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School of Modern Languages & Cultures: Department of German

Staff in the Department of German

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Mr Michael Alderson

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Martin Luther stands as one of the most written about German figures in history, whose image has been repeatedly used, both positively and negatively, to support two distinct confessional arguments. From the early modern period onwards, Protestant writers have sought to show Luther as a divine agent destined to save Christianity, while Catholic historians have been forced to address and interpret the historical data in order to come to terms with a seemingly successful figure and movement. My interest in Luther and how one figure could be so diversely represented and subjected to narrative ‘spin’ in historical accounts was started as an undergraduate at Durham on the Images of Martin Luther course, and I explored the development and inheritance of confessional narrative traditions in depicting Luther’s life as the subject of an M.A. by research.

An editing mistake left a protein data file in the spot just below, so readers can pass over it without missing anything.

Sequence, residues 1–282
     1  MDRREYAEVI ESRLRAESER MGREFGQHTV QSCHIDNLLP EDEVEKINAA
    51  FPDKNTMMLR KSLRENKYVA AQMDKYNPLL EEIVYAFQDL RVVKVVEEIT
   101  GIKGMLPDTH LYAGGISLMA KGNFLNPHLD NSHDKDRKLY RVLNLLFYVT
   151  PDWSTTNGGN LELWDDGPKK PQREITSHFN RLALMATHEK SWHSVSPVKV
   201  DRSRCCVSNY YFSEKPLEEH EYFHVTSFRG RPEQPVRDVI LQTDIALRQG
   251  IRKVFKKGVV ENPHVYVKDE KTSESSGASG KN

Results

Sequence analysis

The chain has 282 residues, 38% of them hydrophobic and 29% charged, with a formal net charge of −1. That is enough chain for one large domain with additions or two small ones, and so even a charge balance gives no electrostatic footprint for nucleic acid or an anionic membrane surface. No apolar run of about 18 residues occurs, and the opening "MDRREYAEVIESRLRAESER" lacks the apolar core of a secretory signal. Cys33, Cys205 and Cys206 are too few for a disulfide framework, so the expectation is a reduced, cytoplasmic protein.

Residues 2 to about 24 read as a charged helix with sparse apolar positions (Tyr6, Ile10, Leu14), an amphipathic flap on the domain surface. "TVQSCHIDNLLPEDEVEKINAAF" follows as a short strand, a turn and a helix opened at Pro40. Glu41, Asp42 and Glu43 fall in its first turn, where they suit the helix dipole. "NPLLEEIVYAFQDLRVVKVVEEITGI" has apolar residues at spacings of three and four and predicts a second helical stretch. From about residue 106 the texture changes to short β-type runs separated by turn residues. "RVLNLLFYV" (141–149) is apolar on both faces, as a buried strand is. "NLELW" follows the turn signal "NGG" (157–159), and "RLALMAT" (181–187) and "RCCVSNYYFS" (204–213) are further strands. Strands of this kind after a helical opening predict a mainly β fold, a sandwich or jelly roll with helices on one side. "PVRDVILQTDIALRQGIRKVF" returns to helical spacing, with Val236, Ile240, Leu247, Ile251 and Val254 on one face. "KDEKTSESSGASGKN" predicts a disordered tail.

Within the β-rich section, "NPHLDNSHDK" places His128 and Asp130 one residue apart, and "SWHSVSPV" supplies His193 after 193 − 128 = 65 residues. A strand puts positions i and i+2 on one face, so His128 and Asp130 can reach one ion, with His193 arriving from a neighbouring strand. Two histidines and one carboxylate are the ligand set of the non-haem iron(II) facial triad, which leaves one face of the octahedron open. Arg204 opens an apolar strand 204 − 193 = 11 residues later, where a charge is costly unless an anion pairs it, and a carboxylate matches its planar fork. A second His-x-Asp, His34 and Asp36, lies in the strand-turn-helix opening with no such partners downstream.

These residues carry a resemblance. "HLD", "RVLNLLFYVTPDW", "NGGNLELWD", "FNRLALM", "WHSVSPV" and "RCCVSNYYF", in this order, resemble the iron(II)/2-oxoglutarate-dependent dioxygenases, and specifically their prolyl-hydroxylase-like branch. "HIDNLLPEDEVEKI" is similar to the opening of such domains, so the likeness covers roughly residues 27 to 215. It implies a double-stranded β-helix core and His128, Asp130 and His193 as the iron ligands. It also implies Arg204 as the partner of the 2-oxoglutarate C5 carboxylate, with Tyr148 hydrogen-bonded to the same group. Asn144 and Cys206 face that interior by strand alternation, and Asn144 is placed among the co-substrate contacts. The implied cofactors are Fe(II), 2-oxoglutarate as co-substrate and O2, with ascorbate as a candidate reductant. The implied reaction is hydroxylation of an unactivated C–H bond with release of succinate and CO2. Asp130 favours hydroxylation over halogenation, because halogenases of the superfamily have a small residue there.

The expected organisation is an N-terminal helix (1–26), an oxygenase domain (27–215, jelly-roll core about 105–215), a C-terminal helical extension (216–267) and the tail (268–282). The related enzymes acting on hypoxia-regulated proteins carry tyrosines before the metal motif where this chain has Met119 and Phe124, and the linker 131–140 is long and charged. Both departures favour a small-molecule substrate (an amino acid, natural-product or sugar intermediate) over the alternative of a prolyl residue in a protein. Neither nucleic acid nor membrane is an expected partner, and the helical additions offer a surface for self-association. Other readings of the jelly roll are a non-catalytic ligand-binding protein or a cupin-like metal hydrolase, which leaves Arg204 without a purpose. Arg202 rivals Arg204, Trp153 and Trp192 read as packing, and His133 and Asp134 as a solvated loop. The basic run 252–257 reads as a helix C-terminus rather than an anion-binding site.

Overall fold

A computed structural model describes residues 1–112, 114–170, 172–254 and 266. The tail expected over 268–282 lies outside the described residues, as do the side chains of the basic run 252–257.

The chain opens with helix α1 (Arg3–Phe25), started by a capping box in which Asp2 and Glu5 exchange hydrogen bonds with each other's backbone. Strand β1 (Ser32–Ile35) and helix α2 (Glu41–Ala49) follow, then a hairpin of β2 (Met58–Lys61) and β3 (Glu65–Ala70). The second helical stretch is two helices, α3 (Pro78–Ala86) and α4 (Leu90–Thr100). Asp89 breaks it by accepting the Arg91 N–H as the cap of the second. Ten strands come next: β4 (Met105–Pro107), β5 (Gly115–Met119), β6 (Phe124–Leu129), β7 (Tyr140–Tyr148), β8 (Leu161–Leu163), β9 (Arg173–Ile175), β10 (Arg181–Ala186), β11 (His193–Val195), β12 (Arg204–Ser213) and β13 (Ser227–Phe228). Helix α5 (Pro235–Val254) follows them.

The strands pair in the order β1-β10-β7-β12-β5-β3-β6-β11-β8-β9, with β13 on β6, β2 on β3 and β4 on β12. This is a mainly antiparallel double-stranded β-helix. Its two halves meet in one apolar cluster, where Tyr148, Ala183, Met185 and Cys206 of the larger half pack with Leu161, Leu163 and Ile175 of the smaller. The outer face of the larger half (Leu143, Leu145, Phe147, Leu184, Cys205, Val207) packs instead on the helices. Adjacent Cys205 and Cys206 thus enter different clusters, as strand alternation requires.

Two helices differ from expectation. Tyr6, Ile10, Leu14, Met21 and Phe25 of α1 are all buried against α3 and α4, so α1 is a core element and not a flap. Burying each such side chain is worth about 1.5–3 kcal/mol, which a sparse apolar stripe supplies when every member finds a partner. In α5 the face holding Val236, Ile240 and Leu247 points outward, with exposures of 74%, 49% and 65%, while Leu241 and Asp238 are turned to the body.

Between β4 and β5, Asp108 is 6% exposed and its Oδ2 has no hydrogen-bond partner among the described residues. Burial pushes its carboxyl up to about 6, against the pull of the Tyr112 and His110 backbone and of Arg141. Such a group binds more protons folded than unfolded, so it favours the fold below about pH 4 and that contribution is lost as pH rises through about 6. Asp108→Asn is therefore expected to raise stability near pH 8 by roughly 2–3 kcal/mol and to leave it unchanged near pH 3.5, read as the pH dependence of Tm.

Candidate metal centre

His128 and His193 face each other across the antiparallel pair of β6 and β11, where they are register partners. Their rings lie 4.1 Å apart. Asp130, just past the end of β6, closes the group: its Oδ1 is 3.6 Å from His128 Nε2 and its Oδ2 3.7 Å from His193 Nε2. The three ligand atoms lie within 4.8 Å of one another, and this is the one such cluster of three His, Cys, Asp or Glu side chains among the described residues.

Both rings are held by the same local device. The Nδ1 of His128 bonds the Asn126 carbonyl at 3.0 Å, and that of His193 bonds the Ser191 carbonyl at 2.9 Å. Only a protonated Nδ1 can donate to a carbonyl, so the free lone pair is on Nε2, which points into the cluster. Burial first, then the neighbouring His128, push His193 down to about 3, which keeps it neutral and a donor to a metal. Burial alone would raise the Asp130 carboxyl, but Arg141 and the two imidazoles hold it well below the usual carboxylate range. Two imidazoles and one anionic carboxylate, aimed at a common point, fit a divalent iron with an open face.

I am currently in my third year of a part-time Ph.D. in the German Department and am examining the narrative origins of sixteenth-century life writing, focusing in particular on Philip Melanchthon’s authorizing of Luther’s image in his Historia de vita et actis Reverendiss. viri D. Mart. Lutheri (1548). Through a study of one of the first biographies of Luther, this thesis examines how early Protestants developed a highly historical representation of their movements in sophisticated narratives that sought to justify their course of action and counter the charges of heresy and innovation levelled at them by the Roman Catholic Church. At the same time, the thesis also explores how the Reformation was written up by its first historians, whether there was an established way of recording history at the Reformation, and the rôle that biographical and historical forms played in fledgling Protestant history.

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